Filling in the boxes
Here, Peirce incorporates his well-known terminology of Icon, Index and Symbol, as well as some more esoteric terminology: Qualisign, Sinsign, Legisign, Rheme, Dicent and Delome.
A sign vehicle that exhibits Firstness is a raw quality, e.g. redness. Peirce calls this a Qualisign. A sign vehicle that exhibits Secondness is a fact or simple proposition, e.g. it is red. This is a Sinsign. A sign vehicle that exhibits Thirdness is a Legisign. This is an element of a sign that relates to a rule, e.g. Blood is red.
An object that exhibits Firstness is a derived experience of a thing, e.g. a picture of a red rose. He calls this an Icon. An object that exhibits Secondness is produced or caused by its sign vehicle, e.g. fire causes smoke. This is an Index. An object that exhibits Thirdness is a Symbol, i.e. an element of a sign that derives by convention, e.g. the symbols on a weather map that indicate the direction of the wind. I have explained Icon, Index and Symbol in a previous post: Index fever.
An interpretant that exhibits Firstness is an immediate expression of a quality: something is red. He calls this a Rheme. An object that exhibits Secondness is a statement about a thing: the rose is red. This is a Dicent. An object that exhibits Thirdness is a Delome, i.e. a rule of inference: all roses grown here are red.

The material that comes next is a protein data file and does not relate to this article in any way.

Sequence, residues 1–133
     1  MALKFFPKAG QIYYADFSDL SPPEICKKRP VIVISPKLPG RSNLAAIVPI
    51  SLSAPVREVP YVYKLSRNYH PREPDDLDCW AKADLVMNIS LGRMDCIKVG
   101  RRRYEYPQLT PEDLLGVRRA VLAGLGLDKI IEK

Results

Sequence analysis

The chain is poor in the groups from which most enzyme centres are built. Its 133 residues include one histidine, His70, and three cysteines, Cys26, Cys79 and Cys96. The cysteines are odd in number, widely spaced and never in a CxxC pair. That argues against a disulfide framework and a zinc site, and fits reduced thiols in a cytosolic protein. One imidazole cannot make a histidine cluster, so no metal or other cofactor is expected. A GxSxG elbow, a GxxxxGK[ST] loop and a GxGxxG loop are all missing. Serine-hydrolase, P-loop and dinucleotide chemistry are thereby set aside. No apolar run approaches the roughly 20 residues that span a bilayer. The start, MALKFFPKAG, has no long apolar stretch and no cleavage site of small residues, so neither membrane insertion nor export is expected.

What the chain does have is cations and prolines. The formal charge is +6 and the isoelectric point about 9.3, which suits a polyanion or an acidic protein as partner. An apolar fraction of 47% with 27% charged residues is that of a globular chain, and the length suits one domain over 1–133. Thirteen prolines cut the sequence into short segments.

Instead of the abstract graph representations I used above, we can now substitute the terms Peirce uses in his famous diagram showing ten categories of the sign. Some of the terms are turned into adjectives (rhematic, iconic, indexical), and instead of Delome he uses the term Argument. (He seemed to use those two terms interchangeably.) The terms in bold are those he uses to describe each category as the lighter words are redundant as a means of uniquely identifying the category.
Peirce’s schema raises questions. The ten classes of signs exclude 17 other combinations: e.g. Dicent Iconic Legisign. I think that would be a statement about something that also resembles it according to some rule or convention. Perhaps that is where words get arranged on a page to look like the thing they represent: word pictures. As far as I am aware, Peirce does not consider such sign cases, but we could accept that they are fairly marginal to the usual sign functions.
Another case he does not consider is the argument that raw feelings get moderated by spoken language. That would be something like a Delomic Indexical Qualisign. He doesn’t seem to include that possibility in his schema. I think that would be a qualitative impression (e.g. of anger) (Firstness) where we think of that construction as already formed in language (Thirdness). See post: Mixed feelings. It seems as though Peirce’s schema limits what might be considered a sign.
- Peirce, Charles Sanders. 1992. A guess at the riddle. In Nathan Houser, and Christine Kloesel (eds.), The Essential Peirce, Selected Philosophical Writings Volume 1 (1867-1893): 245-279. Bloomington, IN: Indiana University Press.